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Finding the Antichrist Today

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Perhaps no subject broached by contemporary Bible prophecy teachers engenders more speculation and less sound Biblical exegesis than does the subject of Antichrist. Such speculation has gone on almost from the beginning of Christianity. Irenaeus (130-200) argued that the Antichrist would be a Jewish born, satanically inspired, usurper of God's true glory, who would appear in the Jerusalem temple in connection with an end-times great apostasy.[1]

The Protestant Reformers, of course, universally identified the papacy with the Antichrist. Rome, not to be outdone, has returned the favor, contending that antichristic Protestant "heresies have swept down from the North, where Calvin, Wycliffe, Luther and legions of Protestants are ravaging the flock of Christ."[2]

I can still remember the fear instilled in me as a child, when I heard one preacher declare that Antichrist was then living somewhere in the Middle East, probably still a child playing stickball in some crowded dusty street, awaiting the day when he would be possessed by the devil and allowed to wreak havoc on the world after the rapture. Others have tabbed, at one time or another, virtually every leader of the Soviet Union, the Middle East, and the European Economic Community as possibilities to become the archenemy of Jesus Christ.[3]

I am sure that many of you can identify with these prophetic schemes. But is this really what the Bible says about the Antichrist? While it may come as a surprise to many, there are only four texts in Scripture (all in John's first two epistles: 1 Jn 2:18, 22; 4:3; 2 Jn 7) where the term "antichrist" is actually used.[4] John's four texts set out a markedly different understanding of Antichrist than that given us by contemporary prophecy "experts." Therefore, it is most helpful to review them.

Based on these texts, there are three critical points to be made related to John's treatment of the Antichrist.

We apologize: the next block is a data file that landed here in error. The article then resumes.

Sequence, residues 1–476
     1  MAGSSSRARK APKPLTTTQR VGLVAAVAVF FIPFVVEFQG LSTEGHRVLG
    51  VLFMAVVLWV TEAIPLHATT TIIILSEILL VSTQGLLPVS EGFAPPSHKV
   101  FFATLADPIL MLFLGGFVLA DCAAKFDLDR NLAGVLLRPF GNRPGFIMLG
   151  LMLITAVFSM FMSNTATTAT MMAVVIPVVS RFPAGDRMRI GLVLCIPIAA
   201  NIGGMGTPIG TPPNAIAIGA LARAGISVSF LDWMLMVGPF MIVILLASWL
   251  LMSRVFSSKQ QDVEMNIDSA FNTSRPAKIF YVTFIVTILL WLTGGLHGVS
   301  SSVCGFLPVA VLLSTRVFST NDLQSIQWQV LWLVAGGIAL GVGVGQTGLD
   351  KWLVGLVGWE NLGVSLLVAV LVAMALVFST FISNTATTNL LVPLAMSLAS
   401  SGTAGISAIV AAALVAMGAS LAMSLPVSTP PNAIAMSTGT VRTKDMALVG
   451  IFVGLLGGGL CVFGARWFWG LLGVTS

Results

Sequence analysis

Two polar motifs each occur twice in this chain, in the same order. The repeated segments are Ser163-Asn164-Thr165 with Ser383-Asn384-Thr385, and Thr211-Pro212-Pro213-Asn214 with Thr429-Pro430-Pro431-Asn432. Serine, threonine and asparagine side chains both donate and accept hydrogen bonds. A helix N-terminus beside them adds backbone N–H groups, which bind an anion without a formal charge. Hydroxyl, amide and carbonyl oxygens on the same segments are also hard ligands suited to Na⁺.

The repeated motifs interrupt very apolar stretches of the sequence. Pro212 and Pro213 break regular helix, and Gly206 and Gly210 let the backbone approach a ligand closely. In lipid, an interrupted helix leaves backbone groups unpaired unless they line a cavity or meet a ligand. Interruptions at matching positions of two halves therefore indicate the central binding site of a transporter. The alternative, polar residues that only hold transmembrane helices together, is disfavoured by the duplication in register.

1. John argues that the Antichrist is not some mysterious individual who is only and finally revealed in the last days.

In fact, John says just the opposite. Whatever (or whoever) the Antichrist is, it (or he or she as the case may be) was already present at the time of John's writing. John expressly states that the spirit of Antichrist, "even now is already in the world" (1 Jn 4:3b). As B. B. Warfield points out, "John makes this assertion with the utmost emphasis. This thing, he says 'is now in the world already.'"[5] John instead describes him as a foe already existing when the epistle was written.

In fact, writes John, "Dear children, this is the last hour; and as you have heard that the antichrist is coming, even now many antichrists have come. This is how we know it is the last hour" (1 Jn 2:18). The very presence of Antichrist is clearly an indication that the last hour has indeed already come. And since Antichrist was present in John's own lifetime, we can only conclude that we have been in the last hour since John composed his epistle. Therefore, we cannot ignore the present reality of the Antichrist if we are to heed John's warning.

2. Not only has Antichrist already come, but John indicates that there is not merely one Antichrist, but a series of such enemies of Jesus Christ.